In 1916, the German Air Corps, Die Fliegertruppen, had gained air superiority over the Allies thanks to a new and technologically advanced plane, the Fokker E1 monoplane fighter - the Eindecker. This was an externally braced mid-winged monoplane powered by a 7 cylinder Oberursel rotary engine giving a top speed of 81 mph and an operational ceiling of 9,840 feet. On the face of it the unremarkable ‘Eindecker’ was not a war winner until it was fitted with the newly developed synchronizer gear, the Fokker Stangensteuerung system, which allowed the pilot to fire a single 7.92 mm machine gun through the spinning propeller directly in front of him. Instead of having the challenging task of controlling the plane and aiming the gun as a separate unit at the same time in the Eindecker the pilot simply aimed the entire aircraft.
The first Eindecker victory, though unconfirmed, was on 1 July 1915 when Leutnant Wintgens forced down a French ‘Morane-Saulnier Parasol’ monoplane. Three days later Wintgens downed another ‘Morane Parasol’ starting what allied pilots called the ‘Fokker Scourge’ when Eindeckers and their skilled pilots were chopping the inferior and poorly armed allied aircraft out of the sky at the rate of two a day….
“Hearsay and a few lucky encounters had made the machine - the Eindecker -respected, not to say dreaded by the slow, unwieldy machines then used by us for artillery observation and offensive patrols.”
CECIL LEWIS ‘Sagittarius Rising’
“… hundreds, nay thousands of machines have been ordered which have been referred to by our pilots as “Fokker Fodder” … I would suggest that quite a number of our gallant officers in the Royal Flying Corps have been rather murdered than killed.”
NOEL PEMBERTON BILLING MP
As the aerial slaughter continued over the Western Front in the old Drill Hall on Townshead Terrace in Richmond a new fighter was being developed to redress the balance. It was the ‘Sopwith Scout’ known to its pilots and service crews as the ‘Pup’. A lightweight traditional styled biplane powered by a single Le Rhone air-cooled rotary engine of 80 horsepower, the ‘Sopwith Pup’ could reach a maximum speed of 111 mph and a service ceiling of 17,000 feet, outstripping the Eindecker in every respect. It was faster, far more manoeuvrable and with a single .303 Vickers machine firing through the propeller far more deadly than the Eindecker Even the German fighter ace, the Red Baron was impressed. After his first encounter with a ‘Pup’ in combat, Manfred von Richthofen commented “We saw at once that the enemy aeroplane was superior to ours.” After months of flying clumsy and poorly armed aircraft the Royal Flying Corps liked them too…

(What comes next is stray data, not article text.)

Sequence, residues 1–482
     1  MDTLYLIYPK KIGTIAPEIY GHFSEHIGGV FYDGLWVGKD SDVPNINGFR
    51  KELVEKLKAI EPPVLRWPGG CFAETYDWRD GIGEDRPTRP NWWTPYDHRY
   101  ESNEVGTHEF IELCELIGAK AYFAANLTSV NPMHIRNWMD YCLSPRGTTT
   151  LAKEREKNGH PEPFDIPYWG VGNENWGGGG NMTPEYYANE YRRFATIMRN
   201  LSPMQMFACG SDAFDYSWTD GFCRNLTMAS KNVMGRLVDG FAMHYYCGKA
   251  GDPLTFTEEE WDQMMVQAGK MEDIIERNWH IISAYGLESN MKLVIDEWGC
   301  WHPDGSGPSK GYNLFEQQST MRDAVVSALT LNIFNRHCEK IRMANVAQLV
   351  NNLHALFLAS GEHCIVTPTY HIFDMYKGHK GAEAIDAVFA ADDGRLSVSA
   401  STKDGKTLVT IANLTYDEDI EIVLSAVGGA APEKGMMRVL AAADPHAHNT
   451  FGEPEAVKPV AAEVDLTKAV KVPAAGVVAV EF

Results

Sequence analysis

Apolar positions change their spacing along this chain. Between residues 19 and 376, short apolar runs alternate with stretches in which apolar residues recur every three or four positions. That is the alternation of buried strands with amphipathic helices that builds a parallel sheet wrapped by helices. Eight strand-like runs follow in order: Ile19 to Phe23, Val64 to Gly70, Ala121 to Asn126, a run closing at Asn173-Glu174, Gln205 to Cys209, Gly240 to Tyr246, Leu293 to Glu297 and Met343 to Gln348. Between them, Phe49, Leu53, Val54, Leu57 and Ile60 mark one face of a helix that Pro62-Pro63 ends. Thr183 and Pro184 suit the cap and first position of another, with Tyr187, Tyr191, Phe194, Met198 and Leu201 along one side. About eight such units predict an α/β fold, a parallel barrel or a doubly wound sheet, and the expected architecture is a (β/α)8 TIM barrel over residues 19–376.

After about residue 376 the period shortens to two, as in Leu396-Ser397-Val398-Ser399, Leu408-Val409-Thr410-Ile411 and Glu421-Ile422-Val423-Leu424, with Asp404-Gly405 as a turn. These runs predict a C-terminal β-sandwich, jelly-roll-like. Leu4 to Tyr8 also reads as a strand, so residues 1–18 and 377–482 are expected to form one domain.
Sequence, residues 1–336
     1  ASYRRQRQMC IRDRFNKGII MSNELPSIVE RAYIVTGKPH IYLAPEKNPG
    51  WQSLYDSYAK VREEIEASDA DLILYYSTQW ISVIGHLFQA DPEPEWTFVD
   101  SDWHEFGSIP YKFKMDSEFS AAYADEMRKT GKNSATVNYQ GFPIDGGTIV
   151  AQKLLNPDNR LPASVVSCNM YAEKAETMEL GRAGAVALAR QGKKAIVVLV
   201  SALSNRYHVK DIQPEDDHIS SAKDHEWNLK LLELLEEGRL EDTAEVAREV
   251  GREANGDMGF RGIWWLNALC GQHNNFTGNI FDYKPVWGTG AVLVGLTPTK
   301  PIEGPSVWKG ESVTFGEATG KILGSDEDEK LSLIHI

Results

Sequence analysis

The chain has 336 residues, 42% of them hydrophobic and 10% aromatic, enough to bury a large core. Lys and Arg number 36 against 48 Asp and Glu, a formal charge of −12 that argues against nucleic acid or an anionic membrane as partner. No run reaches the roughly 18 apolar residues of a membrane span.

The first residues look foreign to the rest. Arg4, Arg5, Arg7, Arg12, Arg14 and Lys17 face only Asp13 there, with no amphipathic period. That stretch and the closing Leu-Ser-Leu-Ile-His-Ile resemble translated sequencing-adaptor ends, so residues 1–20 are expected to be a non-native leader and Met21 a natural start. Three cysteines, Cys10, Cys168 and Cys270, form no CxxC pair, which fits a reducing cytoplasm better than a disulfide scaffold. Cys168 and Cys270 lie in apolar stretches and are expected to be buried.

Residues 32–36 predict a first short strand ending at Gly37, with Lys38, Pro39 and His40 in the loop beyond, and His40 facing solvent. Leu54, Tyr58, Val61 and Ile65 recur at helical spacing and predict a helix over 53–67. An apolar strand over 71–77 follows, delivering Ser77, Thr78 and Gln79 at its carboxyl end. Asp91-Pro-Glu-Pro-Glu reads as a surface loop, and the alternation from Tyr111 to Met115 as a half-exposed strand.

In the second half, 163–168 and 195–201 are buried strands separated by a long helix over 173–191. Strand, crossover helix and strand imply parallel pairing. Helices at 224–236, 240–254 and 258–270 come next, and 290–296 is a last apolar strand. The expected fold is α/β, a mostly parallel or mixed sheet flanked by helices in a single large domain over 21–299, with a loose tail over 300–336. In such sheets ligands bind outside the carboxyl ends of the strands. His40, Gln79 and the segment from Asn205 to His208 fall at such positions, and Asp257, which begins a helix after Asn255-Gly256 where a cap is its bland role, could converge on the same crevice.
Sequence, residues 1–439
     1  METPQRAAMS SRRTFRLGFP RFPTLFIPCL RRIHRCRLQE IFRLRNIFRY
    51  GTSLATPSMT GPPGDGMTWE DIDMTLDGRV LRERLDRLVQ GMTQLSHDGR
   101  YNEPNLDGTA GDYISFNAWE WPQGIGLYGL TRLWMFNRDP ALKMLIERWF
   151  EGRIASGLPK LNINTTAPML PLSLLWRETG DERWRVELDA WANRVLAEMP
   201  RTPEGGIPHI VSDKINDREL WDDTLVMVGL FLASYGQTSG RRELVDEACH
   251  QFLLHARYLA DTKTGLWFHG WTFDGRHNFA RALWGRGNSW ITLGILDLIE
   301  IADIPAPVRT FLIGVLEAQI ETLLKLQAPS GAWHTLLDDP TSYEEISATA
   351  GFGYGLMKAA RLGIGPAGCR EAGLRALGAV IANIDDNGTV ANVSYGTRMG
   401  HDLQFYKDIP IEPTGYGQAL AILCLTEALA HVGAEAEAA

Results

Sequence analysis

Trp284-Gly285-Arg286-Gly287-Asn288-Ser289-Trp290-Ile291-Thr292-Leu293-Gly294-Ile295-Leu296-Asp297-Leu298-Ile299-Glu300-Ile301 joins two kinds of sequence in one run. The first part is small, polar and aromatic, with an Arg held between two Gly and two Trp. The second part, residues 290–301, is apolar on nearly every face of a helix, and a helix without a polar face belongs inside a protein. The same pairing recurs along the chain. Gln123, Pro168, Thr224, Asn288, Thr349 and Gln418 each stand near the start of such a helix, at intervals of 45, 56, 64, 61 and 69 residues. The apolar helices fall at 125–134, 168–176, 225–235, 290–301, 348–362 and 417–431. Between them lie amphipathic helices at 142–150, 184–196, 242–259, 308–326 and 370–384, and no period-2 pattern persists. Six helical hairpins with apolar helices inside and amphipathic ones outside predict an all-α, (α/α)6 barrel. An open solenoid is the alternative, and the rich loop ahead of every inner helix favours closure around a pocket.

“When it came to manoeuvring, the Sopwith Pup would turn twice to an Albatros’ once”. (The Albatros was its German equivalent.) “It was a remarkably fine machine for general all-round flying. It was so extremely light and well surfaced that after a little practice one could almost land it on a tennis court.
RFC ACE James McCudden
The man commissioned to build these new aerial aggressors was a carpenter, John Alexander Whitehead who was born in 1876. Although he was an ambitious man John Whitehead was not particularly lucky. At the age of 16 he emigrated to America and settled in California where he married Clarissa, a professional pianist. He became a US citizen and made a lot of money in the timber trade but lost it almost as quickly. When his marriage to Clarissa began collapsing and his personal debts mounting in 1914 John Whitehead returned home to England to start again. As a skilled carpenter and a good judge of timber he soon found a job with the ‘Aircraft Manufacturing Company’ in Hendon. The following year, May 1915, he and four employees set up the ‘Whitehead Aircraft Company’ in the old Drill Hall on Townshead Terrace in Richmond and soon got a commission to build the new Sopwith ‘Pup’ fighter designed by Herbert Smith.
At the time Whitehead’s manufacturing process consisted of building the aircraft in sections in Richmond and then transporting the parts out to Hanworth Park where they were assembled and test flown. To improve the efficiency and speed of his operation John Whitehead bought Hanworth Park and erected construction sheds on the site. Sopwith Pups continued in frontline service until early in 1918 when they were replaced by the faster twin-gunned Sopwith Camel. The withdrawn Pups still saw useful service as trainers and home defence fighters and many were used by officers for personal transport.
After the 1st World War, the Pup disappeared from the British scene. Only 8 found their way to the civil register, all of which had disappeared by 1924. The flying examples seen today are reproductions. Although the original aircraft are gone the spirit that designed and flew them into battle with such skill and determination survived into the 2nd World in the shape of the Spitfire and Hurricane and the pilots of the Few.
‘Whitehead Aircraft Company’ continued producing Pups until the end of 1918 when output ceased. In just over 2 years the Richmond Factory had made 820 of these fine aircraft. In 1919 John Whitehead’s luck turned against him and the ‘Whitehead Aircraft Company’ went bankrupt. Financed by his father Whitehead and his family emigrated to Canada where he became involved in a project to dig a tunnel through the Rockies. This didn’t work out either and in 1929 Whitehead returned home to the UK and bought Cockayne Hatley Estate in Bedfordshire where he began growing apples. It was to be his most successful venture. Over the next 10 years he developed the estate into the largest apple orchard in Europe with over one million Cox’s Orange Pippin trees. Sadly in 1978 these were deemed uneconomic and the trees were grubbed up and burnt . John Alexander Whitehead was saved the anguish of witnessing the destruction of his prized trees. He had died in June 1949 after a long illness.
The Sopwith Pup in flight
– from Martyn Day